I spent so much time after my divorce at this club, the only jazz club in Columbus at the time, that I donated this piece to the club. It’s still there and will be for as long as the building exists. Park Street Tavern (at the time the 5:01 club).

Indiana Limestone
Indiana Limestone

Blowing my thanks to my city when I was blue…

Hanover Panthers

Hanover Panthers
Indiana Limestone
Life Size
Hanover University, Indiana

These panthers, one called “Life of the Mind” and one called “Life of the Body”, had to be removed from their original outdoor location due to vandalism. This shot is taken in their present location. The concept and overall design are by Dale Johnson, but the models and carving were done by Matthew Palmer during his long stay with Old World.

 

Hanover Panthers
Indiana Limestone
Life Size
Hanover University, Indiana

It is satisfying to know that thousands of photographs of the beautiful panthers exist. I look forward to being asked to do an eagle, or whatever is next. I like working for schools.

Hanover Panthers
Indiana Limestone
Life Size
Hanover University, Indiana

This one, “Life of th Body”, has always impressed me with its tense pose, so catlike and so observant. Go Hanover!

 

Holocaust Memorial (Proposal)

To have been marble figures surrounded by wood figures liinked with naval brass wire.
To have been marble figures surrounded by wood figures linked with naval brass wire.

The figures in the center, life-size marble, would have represented a mother and son freshly arrived by train at a camp. black figures would have been carved and scorched wood. The flooring would have been broken limestone slabs to symbolize the roads made of broken tombstones.

 

To have been marble figures surrounded by wood figures liinked with naval brass wire.
To have been marble figures surrounded by wood figures linked with naval brass wire.

Unfortunately, the project never received adequate funding and never happened.

Hoop Dancer

Hoop Dancer
Steel, Glass, Stone
16′ x 6′ x 5′

A friend that owns a machine shop called and asked if I wanted some scrap steel, which of course I did, and another friend called and asked if I had a use for a large glass conference table top, which I broke his office and hauled out in pieces. This piece became the result. All pieces are held together by gravity and welding only- no holes were drilled, there are no pins or adhesives.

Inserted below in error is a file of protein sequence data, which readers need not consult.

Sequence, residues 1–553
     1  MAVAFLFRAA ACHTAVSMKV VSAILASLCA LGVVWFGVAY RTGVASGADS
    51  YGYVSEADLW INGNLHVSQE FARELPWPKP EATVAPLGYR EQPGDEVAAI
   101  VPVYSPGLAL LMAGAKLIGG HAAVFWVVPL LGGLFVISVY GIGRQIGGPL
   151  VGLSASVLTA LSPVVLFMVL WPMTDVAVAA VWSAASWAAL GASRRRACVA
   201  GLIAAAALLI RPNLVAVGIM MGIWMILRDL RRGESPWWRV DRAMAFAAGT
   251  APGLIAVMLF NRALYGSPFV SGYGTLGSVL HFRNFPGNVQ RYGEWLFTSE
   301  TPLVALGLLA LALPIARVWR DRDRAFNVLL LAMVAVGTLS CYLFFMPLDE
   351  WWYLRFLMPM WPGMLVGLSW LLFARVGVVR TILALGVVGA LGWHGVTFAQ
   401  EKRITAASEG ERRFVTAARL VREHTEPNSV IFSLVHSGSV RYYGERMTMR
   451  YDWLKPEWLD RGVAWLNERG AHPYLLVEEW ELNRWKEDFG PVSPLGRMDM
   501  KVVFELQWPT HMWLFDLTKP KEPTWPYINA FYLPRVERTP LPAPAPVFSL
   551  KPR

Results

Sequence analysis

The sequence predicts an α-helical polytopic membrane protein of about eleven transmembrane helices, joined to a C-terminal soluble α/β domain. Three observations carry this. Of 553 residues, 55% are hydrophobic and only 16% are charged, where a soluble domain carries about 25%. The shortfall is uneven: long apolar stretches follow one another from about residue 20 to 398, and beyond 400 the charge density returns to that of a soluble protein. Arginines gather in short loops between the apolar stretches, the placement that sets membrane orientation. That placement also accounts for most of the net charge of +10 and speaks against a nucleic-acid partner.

Hoop Dancer
Steel, Glass, Stone
16′ x 6′ x 5′

This piece unwittingly became inspired by the Native American Hoop Dances I saw as a child in South Dakota, where I grew up. One side is a female dancer, the other a male.

Hoop Dancer
Steel, Glass, Stone
16′ x 6′ x 5′

The piece was selected to stand outside the Fine Arts building of the Ohio State Fair a few years ago.

 

 

Hoop Dancer
Steel, Glass, Stone
16′ x 6′ x 5′

I was disqualified from being the show that year as my piece was too large, but I enjoyed being outside the building anyway. It was a first. Stupidly, I forgot to go to the opening ceremonies. Such a loss of good schmooze time. Being and artist… sometimes ya gotta schmooze.

 

Goodale Park Column

For thirty years I have wanted to restore this column. I SO love that I had the opportunity. Thanks, Fate!
For thirty years I have wanted to restore this column. I SO love that I had the opportunity. Thanks, Fate!

 

 

 

dog finished

installation

 

I used to live across the street from this column over twenty years ago and have wanted to redo it ever since.
I used to live across the street from this column over twenty years ago and have wanted to redo it ever since.
The ram was the most complete of the surviving column heads.
The ram was the most complete of the surviving column heads.

This column in Goodale Park in Columbus, Ohio, originally installed in 1899, has deteriorated badly. I have been commissioned by a Centennial Preservation Group to re-carve the heads. My proposal is to rebuild the missing parts with clay and then to re-carve new sandstone blocks to match the clay.

The heads on the nearby gate have fared much better, as they are under a roof.
The heads on the nearby gate have fared much better, as they are under a roof.

The gate and column were a gift in 1899 to the City’s first park. The original meanings of the column animals have been lost to time, although we do know that the eight human heads on the gate represent the eight stages of Man. The carving is masterful, and does not resemble any other carving in the Columbus area, that I know of. We know nothing of the original artist.